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G. Naturalism & Normativity > Gibbard on thick concepts and their descriptive content (1)

Allan Gibbard is an interesting writer whose views about naturalism and normativity the virtue responsibilist might find appealing. Gibbard says that it is the restriction to specific areas of human life that allows "thick concepts" to convey content and distinguises them from thin concepts such as the concepts of goodness and rightness, which can be used to commend persons and actions in any sphere of moral life and so lack determinate desriptive content. Is this correct? Can the descriptive content of a thick concept be spelled out more precisely? How useful or unuseful do you find Gibbard's point about the the contextual yet descriptive content of thick concepts?
June 8, 2006 | Registered CommenterGuy Axtell
I realize Guy's post about Gibbard is from 2006, but I am hoping that it is still pertinent in 2008! At the end of "Thick Concepts and Warrant for Feelings", Gibbard remarks that his treatment of thin terms like 'wrong' is different from his analysis of thick terms like 'lewd' (his example). He states that his analysis of terms like 'wrong' relies on feelings and warrant. His analysis of 'lewd' "invokes the same two elements: a feeling (L censoriousness) and warrant. In addition, it included a description of the kind of thing assessed by the thick term ('sexual display and conduct')." (282) So, it seems that thick terms include description and evaluation. Thin terms do not include description.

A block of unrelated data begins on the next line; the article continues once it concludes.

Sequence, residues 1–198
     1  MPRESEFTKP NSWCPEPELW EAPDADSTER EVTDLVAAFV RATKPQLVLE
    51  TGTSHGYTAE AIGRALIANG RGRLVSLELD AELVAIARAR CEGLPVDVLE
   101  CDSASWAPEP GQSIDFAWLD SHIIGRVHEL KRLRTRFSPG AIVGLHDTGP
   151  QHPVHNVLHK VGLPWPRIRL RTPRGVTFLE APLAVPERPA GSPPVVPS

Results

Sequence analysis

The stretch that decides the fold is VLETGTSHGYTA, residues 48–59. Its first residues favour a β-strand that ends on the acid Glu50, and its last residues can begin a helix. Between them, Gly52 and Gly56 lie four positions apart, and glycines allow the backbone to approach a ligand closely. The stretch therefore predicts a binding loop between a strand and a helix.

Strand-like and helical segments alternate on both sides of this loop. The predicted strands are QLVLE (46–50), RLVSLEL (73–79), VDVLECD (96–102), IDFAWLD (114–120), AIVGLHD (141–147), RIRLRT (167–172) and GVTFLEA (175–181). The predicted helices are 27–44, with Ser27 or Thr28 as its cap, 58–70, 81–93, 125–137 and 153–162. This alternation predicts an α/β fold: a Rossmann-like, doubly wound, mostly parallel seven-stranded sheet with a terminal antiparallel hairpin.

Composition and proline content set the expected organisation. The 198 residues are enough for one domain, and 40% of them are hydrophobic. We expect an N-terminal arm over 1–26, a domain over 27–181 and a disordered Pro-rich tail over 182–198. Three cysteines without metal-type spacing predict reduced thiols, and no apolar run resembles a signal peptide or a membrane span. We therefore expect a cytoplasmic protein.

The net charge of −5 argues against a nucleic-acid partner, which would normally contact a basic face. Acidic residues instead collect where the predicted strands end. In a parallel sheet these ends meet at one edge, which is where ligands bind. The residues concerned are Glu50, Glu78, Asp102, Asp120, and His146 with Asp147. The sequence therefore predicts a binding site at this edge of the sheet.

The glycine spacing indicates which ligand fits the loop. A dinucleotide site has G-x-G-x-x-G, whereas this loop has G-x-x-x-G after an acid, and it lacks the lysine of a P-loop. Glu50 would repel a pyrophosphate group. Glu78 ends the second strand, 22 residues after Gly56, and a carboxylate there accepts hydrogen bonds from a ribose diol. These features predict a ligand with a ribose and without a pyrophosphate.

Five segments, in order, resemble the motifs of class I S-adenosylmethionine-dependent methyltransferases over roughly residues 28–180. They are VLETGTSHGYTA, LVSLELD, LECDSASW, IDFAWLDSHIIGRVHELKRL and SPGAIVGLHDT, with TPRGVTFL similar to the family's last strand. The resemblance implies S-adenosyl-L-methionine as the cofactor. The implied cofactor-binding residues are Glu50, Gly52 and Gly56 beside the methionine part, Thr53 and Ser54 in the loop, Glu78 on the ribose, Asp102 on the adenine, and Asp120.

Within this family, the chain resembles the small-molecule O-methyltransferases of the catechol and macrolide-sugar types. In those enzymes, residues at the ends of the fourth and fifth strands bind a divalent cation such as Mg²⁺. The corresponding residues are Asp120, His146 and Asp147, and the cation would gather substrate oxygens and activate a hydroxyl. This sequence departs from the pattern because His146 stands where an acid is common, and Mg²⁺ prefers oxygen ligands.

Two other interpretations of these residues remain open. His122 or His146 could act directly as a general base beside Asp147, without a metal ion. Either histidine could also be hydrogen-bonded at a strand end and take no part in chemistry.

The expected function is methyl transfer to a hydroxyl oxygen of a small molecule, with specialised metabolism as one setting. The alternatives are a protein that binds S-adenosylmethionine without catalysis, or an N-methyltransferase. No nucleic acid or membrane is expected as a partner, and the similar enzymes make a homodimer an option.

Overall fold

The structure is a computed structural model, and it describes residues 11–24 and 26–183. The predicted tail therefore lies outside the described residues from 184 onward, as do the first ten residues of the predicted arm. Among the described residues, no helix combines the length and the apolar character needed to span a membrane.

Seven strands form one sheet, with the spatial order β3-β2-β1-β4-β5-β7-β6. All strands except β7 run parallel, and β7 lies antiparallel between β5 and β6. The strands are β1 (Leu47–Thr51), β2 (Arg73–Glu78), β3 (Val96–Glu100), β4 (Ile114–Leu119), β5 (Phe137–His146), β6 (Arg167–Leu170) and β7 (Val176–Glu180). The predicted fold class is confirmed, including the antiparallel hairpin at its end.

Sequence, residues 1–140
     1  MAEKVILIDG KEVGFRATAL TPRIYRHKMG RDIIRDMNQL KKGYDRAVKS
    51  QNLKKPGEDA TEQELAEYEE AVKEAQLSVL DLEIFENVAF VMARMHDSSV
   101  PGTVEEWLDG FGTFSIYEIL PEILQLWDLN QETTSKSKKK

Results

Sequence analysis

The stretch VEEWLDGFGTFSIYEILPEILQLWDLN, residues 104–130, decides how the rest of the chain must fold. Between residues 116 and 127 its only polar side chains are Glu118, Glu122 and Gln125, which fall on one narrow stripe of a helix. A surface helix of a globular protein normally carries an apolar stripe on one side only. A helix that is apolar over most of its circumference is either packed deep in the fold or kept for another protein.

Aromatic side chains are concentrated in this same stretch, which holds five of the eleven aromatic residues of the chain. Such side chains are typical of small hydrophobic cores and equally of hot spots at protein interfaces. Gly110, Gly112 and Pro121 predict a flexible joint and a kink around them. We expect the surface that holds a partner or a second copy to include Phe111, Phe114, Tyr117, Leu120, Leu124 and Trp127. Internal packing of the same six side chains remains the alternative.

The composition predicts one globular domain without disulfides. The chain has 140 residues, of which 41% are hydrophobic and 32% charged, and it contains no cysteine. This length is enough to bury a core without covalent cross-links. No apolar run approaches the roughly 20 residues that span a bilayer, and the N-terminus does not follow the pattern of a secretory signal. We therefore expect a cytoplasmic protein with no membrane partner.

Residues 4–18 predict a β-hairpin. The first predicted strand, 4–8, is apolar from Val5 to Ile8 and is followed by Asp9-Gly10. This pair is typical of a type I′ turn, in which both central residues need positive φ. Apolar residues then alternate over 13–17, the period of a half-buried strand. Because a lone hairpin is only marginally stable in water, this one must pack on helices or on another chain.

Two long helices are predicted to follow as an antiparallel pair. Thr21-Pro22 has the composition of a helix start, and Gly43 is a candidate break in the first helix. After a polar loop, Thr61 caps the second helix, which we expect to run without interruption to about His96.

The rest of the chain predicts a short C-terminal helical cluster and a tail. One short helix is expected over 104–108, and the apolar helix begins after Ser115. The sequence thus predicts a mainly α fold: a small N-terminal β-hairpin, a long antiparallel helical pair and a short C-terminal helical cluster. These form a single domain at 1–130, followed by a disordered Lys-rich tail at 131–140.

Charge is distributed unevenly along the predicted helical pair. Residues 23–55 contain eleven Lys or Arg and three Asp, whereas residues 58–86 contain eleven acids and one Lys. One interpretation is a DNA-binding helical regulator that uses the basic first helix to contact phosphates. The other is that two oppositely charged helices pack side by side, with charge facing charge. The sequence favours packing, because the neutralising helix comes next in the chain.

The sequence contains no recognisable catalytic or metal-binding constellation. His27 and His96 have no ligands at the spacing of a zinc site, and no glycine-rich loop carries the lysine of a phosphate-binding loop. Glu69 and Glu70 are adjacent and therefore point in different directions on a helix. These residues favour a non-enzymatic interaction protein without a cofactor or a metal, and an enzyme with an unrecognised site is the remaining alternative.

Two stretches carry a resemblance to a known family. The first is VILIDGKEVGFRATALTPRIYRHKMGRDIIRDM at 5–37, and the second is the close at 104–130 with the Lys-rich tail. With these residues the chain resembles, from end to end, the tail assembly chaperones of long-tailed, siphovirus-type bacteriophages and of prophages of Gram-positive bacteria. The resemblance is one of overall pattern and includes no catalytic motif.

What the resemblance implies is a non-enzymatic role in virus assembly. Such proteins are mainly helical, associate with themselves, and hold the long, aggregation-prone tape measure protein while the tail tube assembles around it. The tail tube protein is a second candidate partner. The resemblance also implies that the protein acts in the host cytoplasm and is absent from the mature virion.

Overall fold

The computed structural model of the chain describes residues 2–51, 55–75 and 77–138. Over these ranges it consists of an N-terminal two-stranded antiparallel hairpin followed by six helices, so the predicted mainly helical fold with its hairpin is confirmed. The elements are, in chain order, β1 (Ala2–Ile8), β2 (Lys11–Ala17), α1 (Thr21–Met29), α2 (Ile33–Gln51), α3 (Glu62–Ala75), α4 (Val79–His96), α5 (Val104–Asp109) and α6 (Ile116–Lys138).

Gibbard rejects the 'two component analysis of thick terms' which is sometimes advanced by non-cognitivists. The two component analysis treats thick terms as involving two separate/independent components: one descriptive, and one evaluative. Gibbard rejects this analysis on the grounds that the so-called descriptive component is too sparse. Roughly, we can't find enough of a descriptive meaning, which when added to the evaluative meaning, could produce a thick term's whole meaning. After rejecting the two component theory, Gibbard remarks that "descriptive and evaluative components intermesh more tightly than that" But, exactly how do they intermesh on Gibbard's view?

As a very rough response to one of Guy's questions above, it seems to me that whether a term has descriptive content (or to use Williams' term is "world-guided") is a matter of degree. Even thin terms like 'right', 'wrong', etc. are tethered to the world to some degree (they have some descriptive content).
January 12, 2008 | Registered CommenterHeather Battaly
Heather, I think you're right that even 'right' and 'wrong' can have some descriptive content, and that thickness is a matter of degree. I would suppose the even some of the virtues could be graded as more or less world-guided (and perhaps more or less directly action-guiding for those who engage them).